Rules for Our Walking With God - by Jeremiah Burroughs (1599-1646)

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How are Christians to walk with God like Enoch? Are you walking with God as God requires? What does God require of you in order to know whether you walk with him or not?

Rules for Our Walking With God – by Jeremiah Burroughs (1599-1646).

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Jeremiah Burroughs (1599-1646), was a brilliant Reformed preacher of the Gospel, and an astute theologian. He ministered with pastoral sensitivity and a zealous desire to glorify God in his preaching and writing.

Burroughs was chosen one of the Westminster Assembly of Divines, aiding the church in setting down the most biblical and thorough confession in the history of the Christian Church. All those at the Assembly looked to him as a divine of great wisdom and moderation.

Among puritans to be read from the 17th century, Burroughs is not to be missed.

The bible is filled with a theology of walking. This supernatural, and eminently important topic, is the substance of this discourse by master-exegete and preacher Jeremiah Burroughs (1599-1646). This work is laid out in a series of “rules” which demonstrate to the Christian what one looks like who in fact walks with God.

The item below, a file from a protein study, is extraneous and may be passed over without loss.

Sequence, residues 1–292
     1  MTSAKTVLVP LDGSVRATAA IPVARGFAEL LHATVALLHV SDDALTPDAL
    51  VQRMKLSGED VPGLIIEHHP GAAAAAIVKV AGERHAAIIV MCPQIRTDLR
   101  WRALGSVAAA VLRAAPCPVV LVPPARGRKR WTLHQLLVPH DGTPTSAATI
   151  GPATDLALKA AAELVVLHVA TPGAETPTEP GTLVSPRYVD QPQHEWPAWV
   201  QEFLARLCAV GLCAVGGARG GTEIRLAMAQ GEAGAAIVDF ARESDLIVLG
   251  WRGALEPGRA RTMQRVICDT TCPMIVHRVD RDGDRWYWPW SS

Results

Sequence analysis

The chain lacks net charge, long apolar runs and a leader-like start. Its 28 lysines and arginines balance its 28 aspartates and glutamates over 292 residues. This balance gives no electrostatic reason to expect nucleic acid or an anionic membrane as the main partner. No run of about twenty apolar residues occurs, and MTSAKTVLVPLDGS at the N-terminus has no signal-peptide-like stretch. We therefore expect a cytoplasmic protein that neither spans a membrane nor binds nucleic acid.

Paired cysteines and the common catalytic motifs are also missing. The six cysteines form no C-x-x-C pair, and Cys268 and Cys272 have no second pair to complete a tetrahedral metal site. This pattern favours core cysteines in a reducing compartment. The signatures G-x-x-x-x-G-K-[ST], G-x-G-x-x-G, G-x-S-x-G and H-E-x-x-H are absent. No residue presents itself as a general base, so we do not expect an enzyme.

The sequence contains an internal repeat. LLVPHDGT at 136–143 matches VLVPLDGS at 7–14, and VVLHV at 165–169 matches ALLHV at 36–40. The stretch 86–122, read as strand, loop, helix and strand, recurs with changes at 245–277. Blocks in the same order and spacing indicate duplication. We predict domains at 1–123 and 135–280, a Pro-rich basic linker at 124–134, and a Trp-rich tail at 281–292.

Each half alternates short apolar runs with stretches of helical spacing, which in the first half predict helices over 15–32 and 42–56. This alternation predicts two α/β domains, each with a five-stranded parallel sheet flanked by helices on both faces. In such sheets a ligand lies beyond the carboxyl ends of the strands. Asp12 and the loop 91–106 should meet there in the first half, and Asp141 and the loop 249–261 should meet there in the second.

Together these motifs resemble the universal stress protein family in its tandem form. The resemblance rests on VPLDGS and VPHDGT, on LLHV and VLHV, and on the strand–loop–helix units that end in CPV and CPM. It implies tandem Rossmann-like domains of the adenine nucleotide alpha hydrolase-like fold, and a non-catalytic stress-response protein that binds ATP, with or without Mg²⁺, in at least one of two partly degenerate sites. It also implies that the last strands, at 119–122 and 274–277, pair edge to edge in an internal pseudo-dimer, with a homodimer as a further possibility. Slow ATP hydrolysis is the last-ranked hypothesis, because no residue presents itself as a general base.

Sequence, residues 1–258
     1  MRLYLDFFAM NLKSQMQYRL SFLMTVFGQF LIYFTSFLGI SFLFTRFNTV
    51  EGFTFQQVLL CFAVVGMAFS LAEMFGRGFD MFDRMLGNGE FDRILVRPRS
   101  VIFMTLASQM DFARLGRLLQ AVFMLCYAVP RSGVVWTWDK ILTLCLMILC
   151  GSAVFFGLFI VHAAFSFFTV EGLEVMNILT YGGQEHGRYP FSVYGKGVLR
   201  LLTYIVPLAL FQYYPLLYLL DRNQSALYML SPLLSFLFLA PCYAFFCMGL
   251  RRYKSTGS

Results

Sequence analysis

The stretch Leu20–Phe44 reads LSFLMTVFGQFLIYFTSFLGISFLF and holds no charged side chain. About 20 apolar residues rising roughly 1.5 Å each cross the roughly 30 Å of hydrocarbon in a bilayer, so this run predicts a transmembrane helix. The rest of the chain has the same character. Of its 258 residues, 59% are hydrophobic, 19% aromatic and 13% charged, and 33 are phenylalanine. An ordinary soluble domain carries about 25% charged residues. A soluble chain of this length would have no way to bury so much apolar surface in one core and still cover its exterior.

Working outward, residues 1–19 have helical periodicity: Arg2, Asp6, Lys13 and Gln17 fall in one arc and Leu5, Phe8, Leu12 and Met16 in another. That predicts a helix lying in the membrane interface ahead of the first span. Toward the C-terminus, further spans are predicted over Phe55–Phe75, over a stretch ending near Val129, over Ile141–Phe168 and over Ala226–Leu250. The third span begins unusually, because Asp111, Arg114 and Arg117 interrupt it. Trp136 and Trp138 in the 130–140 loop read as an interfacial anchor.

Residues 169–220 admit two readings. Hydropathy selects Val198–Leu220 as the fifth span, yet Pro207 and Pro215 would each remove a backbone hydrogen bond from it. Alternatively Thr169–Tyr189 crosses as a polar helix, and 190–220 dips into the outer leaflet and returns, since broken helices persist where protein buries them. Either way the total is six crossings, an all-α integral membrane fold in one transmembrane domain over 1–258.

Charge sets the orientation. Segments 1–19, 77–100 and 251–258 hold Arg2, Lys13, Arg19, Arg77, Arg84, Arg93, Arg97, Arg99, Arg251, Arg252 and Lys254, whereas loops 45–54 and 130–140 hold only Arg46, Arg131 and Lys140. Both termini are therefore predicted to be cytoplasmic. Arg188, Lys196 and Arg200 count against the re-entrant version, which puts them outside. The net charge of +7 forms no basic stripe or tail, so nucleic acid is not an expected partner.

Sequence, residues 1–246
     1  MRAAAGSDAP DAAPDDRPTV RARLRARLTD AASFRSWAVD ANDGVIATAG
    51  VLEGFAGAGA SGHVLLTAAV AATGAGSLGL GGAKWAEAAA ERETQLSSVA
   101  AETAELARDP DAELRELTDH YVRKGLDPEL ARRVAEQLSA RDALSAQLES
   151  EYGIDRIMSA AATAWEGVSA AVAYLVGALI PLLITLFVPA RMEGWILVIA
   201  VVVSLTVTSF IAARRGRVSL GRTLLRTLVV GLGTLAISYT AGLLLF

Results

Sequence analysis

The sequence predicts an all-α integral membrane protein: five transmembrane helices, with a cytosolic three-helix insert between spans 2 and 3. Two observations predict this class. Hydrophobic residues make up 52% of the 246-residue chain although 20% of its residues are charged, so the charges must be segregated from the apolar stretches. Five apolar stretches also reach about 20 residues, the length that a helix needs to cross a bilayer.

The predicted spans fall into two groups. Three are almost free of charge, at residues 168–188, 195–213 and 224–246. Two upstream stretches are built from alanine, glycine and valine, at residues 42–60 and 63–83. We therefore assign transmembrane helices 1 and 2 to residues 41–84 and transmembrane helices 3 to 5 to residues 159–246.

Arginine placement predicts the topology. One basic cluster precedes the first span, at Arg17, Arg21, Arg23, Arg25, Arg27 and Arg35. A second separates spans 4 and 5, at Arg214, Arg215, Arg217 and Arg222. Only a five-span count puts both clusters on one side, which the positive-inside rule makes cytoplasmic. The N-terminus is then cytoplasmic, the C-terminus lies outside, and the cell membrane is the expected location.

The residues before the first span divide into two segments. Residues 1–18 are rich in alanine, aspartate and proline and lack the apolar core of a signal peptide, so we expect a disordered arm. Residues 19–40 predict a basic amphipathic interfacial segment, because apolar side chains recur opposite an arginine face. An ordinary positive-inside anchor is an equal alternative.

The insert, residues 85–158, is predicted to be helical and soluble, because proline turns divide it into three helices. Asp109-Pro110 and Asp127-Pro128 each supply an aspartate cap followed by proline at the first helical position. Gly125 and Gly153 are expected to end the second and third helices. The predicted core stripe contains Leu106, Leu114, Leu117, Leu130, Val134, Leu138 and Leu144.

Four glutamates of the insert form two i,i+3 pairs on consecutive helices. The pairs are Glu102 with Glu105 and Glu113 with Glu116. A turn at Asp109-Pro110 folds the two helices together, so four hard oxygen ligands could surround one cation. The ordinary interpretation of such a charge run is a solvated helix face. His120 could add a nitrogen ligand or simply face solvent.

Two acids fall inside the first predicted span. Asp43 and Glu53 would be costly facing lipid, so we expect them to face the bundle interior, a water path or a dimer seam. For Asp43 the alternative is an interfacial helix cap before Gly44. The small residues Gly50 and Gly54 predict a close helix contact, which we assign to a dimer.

Burroughs’ main text is, “And Enoch walked with God: and he was not; for God took him.” (Gen. 5:24). His main doctrine from this text is that it is the great excellency and commendation of a godly man to walk with God. Or, that it is the highest testimony that can be given that a man walks with God.

He covers how a person is brought to walk with God shown in six particulars. Then he defines, specifically, what it means to walk with God, and their extended excellencies, along with exhortations to both Christians and unbelievers as to their interest in walking with God. Then, he provides ten ways that show people in the church, and even people in the world, that a man is walking with God, or not. Lastly, he demonstrates biblical “rules” toward walking with God in the right manner.

The last chapter is actually an extra-added section that Burroughs decided he could not write this work without. That chapter is worth its weight in gold, and alone is worth the time of reading this volume. It houses the objection concerning the manner in which God sometimes may hide his face from his people for their good; though, at the time, it surely doesn’t feel as though desertion is a good thing. Burroughs covers being self-deceived in this, and answers various particulars concerning how to rightly judge whether one is actually walking with God in the right way, whether one is deserted by God, and whether such a desertion warrants repentance or just right thinking.

(This work is not a scan or facsimile, has been carefully transcribed by hand being made easy to read in modern English, and has an active table of contents for electronic versions.)